Shakuhachi music stirs up both gods and demons.
Once agian the world's number-one rake lacks a friend.
In the teeming universe just that music.
He leaves the painting to enter a bamboo flute.

The shakuhachi is a symbol for lonliness here. Ikkyu has apparently been looking at a portrait of the famous poet, Ton'a (Nikaido Sadamune, 1310-1384) and found in him, if not a physical, at least a spiritual companion.


Even now I remeber the recluse of Uji.
Empty bell, no wine, colder than ice.
Yet, the song of the angel's shining cloak.
Lost among refugess, the rural priest takes comfort.

On the surface of this poem, it appears that Ikkyu spent some uncomfortable days at a hermitage in Uji. The story of the angel who came to earth one day and foolishly laid her feathered robe down where a fisherman was able to snatch it up was made into one of the most famous plays of No repetoire, Hagoromo (The Feathered Cloak), written by Zeami (1363-1444). The "rural priest" of the last line can be taken to be either the unidentified hermit of Uji or Ikkyu. Although, if we accept the highly mythologized traditions of the Fuke-shu sect of Zen, we would have to identify the hermit as Roan (also known as Ichiro) who was supposedly a central figure in the founding (or, according to its own legends, the refounding) of the flute-playing komuso tradition is the 1400s.
These traditions attribute several shakuhachi poems not found in the Kyoun-shu to Ikkyu, as well as include some poems that we know are his. However, it is not clear whether Ikkyu had actual contact with early figures in the Fuke-shu or was simply adopted into the legends at a later date. His love of the flute and also the Fuke sect's namesake, Chen-Chou P'u-k'o, would have provided sufficient cause to make such an allegation. ***pp. 180-181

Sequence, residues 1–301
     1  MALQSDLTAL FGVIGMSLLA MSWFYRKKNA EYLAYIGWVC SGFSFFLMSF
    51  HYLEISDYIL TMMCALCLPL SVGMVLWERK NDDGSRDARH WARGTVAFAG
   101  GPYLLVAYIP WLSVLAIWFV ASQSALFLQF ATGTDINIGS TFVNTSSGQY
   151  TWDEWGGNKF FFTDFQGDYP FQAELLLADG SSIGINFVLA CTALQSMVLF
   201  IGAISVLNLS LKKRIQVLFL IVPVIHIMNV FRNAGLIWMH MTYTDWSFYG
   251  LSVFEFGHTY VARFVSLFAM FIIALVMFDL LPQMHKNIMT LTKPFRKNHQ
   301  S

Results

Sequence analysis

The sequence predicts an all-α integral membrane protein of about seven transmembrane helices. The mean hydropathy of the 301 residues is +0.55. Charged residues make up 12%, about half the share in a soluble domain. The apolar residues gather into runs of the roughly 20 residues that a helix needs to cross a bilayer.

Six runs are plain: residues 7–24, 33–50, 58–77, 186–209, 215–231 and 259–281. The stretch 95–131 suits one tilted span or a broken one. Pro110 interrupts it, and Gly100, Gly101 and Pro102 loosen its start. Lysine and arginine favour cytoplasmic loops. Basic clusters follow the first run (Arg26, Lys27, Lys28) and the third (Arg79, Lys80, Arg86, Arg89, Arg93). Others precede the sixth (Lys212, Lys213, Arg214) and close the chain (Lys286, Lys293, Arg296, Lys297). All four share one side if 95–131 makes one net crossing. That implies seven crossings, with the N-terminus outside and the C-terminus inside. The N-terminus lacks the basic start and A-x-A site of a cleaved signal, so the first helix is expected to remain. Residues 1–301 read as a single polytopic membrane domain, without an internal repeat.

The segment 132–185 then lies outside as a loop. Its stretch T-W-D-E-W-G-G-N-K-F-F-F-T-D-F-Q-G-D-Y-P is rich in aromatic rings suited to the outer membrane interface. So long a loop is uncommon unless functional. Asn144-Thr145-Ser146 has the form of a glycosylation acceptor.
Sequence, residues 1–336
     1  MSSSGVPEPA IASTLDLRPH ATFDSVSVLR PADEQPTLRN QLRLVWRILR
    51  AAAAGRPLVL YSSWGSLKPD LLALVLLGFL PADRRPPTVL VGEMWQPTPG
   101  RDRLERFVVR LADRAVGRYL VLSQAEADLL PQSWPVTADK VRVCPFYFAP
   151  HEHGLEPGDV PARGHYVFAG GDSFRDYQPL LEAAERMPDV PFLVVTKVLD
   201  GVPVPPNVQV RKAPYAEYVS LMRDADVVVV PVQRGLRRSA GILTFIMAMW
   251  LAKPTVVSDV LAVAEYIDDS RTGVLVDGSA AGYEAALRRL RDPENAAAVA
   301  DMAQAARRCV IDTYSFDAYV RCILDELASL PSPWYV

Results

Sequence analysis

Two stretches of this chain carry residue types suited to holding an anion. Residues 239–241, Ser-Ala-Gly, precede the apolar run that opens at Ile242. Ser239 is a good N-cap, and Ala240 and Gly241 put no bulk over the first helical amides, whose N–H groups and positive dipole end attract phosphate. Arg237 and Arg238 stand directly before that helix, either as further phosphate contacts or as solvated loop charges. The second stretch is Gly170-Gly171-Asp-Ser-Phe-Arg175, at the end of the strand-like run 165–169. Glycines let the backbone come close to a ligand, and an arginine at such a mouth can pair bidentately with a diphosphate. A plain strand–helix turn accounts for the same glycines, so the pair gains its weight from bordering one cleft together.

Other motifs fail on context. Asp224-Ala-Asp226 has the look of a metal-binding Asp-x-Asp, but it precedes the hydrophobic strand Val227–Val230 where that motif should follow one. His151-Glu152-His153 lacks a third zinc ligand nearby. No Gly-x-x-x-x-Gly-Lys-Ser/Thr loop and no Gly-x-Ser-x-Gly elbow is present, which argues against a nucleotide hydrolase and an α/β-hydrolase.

One time, when Ikkyu was in a solitary mood, he went to the Kanto with only his flute for company. A yamabushi happened to meet this priest strolling up the path playing his flute like a wandering komuso. Feigning stupidity, the yamabushi approached and asked him,

"I say there, wandering priest, where are you going"
"I go wherever the wind takes me."
"I see. But what do you do when the wind stops blowing?"
"Why I just do the blowing myself," said Ikkyu turning back to his flute.

Outdone, the yamabushi clapped his mouth shut and passed by without a backward glance.

1. Ikkyu's love of the Japanese flute is well documented.
2. The Komuso were an eccentric fraternity of itinerant monks of the Tokugawa period. These members of the so-called Fuke sect of Zen were noted for their odd hats which resembled a beehive and covered the monk's entire face. They wandered all over Japan "playing enlightenment" on long shakuhachi flutes. Often they carried swords as well, and it was generally suspected that no small number of their ranks were nothing more than mercenaries in clerical disguise. Because of the bad reputation that it developed, the sect was often made subject to government regulation, and it was entirely supressed in 1871.
The supposed founder of the Fuke sect was the Chinese monk P'u-k'o (Jpn: Fuke). Since Ikkyu dedicated poems to bamboo, to P'u-k'o, and to the shakuhachi, the later Fuke sect claimed him as one of their founding figures, though the supporting evidence for this thesis is very weak. No full study of the Fuke fraternity exists in English, but my"Shakuhachi Zen: The Fukeshu and Komuso," Monumenta Nipponica, vol. 32, no. 4 (Winter 1977), pp. 411- 440, will provide the curious reader with a useful introduction to the group. ***pp.295-296

From Zen-Man Ikkyu by James H. Sanford